It is Solved by Running


For as long as I can remember I have had dreams of running. Not just out for a jog in my slumber. No, this is swift, sure-footed sprinting, my bare feet barely touching the forest floor as I leap over logs and boulders. This is not-being-winded, almost-flying running. And in my dreams, I am grinning from ear to ear, in awe of my own strength and agility.

In real life, my sister was the runner. A cross-country champion with trophies and medals to prove it. She was like a gazelle. We ran together as children, in that way that children do, because it’s faster to get where you want to go if you run. But when adolescence hit, I stopped. She didn’t. She kept right on going and has run on the beaches of Australia, down the dusty roads of Cambodia and Thailand, on the mountain paths of Nepal, and now in the old-growth forests on Cortes Island, BC. (My sister is the shiniest of stars—you should meet her.)

In my young adulthood, when I wasn’t doing anything much to move my body, a girlfriend once convinced me to go for a run with her. In comparison to her ease, I was terribly winded and out of shape, which made me feel embarrassed and inadequate so I quit.

I remember saying things like: “I am so not a runner,” or “Running just isn’t my thing.” So, it was a big surprise when I suddenly became one. I use that phrasing on purpose. I became a runner quite by accident.

Five years ago this spring, I was recently separated and had taken to walking long distances to “help my head.” If you’ve ever found the calm on the other side of your mind’s storm through a long walk, you know what I mean. When I met the Governor General’s Award-winning playwright Catherine Banks, she taught me the phrase I have used ever since. “It is solved by walking.” (Originally a quote from St. Augustine, it is also the title of one of Catherine’s plays.)

My daily walk was about five kilometres. As spring came on that year and my energy began to return post-breakup, one day I surprised myself by picking up the pace into a run. And I literally haven’t stopped since. (Except for this winter when eight inches of ice coated our sidewalks!)

For me, running has been a return to who I know I am. Someone fit and active; someone who learned early on in life that my energy is at its highest and my mind is at its clearest when I move my body. Like so many things in the past few years, this has felt like a revelation. A reawakening.

For a long time after I gave birth to myself as a runner, I ran every day. Then I started doing races, beginning with a few 5Ks and working my way up to the 10 and last year, the half marathon. I remember talking to my parents who said: “You’re going to run how far?” Halfway through last year’s training, I too wondered if it might be a crazy goal.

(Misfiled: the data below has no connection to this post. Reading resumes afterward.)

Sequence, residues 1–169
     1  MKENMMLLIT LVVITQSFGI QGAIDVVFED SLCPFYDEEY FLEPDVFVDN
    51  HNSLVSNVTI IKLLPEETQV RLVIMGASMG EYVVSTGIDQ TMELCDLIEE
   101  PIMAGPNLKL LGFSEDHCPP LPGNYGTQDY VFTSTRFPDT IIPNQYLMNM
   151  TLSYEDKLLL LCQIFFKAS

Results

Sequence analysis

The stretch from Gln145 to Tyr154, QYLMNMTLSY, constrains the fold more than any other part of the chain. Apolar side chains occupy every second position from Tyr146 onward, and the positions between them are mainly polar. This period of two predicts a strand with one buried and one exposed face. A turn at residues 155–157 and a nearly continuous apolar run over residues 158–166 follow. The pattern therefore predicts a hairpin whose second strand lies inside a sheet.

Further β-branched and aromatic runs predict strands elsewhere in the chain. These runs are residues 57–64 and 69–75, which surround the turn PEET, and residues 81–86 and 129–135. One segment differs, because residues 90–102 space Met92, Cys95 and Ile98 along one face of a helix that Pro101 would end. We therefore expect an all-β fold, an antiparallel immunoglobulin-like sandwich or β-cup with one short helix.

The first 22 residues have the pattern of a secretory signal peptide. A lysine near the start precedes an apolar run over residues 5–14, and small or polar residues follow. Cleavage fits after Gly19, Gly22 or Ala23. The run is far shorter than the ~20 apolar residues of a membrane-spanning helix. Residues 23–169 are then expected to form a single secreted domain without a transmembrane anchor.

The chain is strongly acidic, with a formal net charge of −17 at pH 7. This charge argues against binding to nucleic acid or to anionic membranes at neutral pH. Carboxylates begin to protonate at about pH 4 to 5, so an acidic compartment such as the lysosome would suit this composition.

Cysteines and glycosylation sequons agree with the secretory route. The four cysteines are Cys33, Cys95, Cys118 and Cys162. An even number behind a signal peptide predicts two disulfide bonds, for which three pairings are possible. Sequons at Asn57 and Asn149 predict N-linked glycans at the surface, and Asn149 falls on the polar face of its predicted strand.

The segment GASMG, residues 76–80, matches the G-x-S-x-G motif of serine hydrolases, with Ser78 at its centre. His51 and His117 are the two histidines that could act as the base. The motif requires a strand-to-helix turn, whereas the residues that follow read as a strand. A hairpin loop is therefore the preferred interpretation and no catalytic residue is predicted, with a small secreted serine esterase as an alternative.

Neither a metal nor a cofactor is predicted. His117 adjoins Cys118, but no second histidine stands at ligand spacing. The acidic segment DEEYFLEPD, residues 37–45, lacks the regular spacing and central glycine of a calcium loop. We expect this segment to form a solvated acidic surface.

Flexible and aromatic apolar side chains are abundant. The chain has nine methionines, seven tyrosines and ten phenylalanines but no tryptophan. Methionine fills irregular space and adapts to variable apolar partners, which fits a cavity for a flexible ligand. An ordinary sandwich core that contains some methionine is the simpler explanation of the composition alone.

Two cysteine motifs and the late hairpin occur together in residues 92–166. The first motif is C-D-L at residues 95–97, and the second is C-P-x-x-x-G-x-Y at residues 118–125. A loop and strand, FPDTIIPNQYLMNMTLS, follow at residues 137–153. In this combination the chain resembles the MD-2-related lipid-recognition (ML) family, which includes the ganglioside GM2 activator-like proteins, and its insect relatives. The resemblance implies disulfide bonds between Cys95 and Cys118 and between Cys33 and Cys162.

But I did it. And I’ll tell you, it was a very proud moment when I crossed that finish line.

So, this weekend, when I was running the Blue Nose Marathon 10K race, I was remembering the year I stood on the sidelines watching a friend run the full marathon. This was before I started running. There was a feeling that filled me. A mix of awe and inspiration that walloped me and sent the tears tumbling down my face. I could see the strength and the courage on the faces of the runners streaming past me. And I wanted it.

I saw it again on Sunday. And I felt it all around me. On so many faces, in so many voices. As our feet hit the pavement and the sounds of our breath filled the air. I felt it when I saw the people in wheelchairs and with walkers, the very young, the very old, the very sick. So many acts of bravery, so much courage, and everyone with a different story, all along that route.

I feel so grateful for all the inspiration that came not just from the thousands of people on the streets who set a goal and were achieving it. I am also so appreciative of the cheering people on the sidelines. The ones with their hand-written signs and their noisemakers, the parents who brought their children, the woman giving out tissue, and the little girl with her eighties boom box and her shy smile.

Because I was there once, I especially noticed the woman who looked like I did all those years ago, with tears in her eyes as she watched me pass by, steadfastly clapping.

It was for her, and for me, on a particularly sweet downhill, that I put my arms out to the side like wings. As my legs pumped just a little faster, and the wind almost seemed to lift me, I felt like I was back in my favourite dream. The one where I am running so fast it’s like I’m flying.


Originally published on my blog “This Sweet World”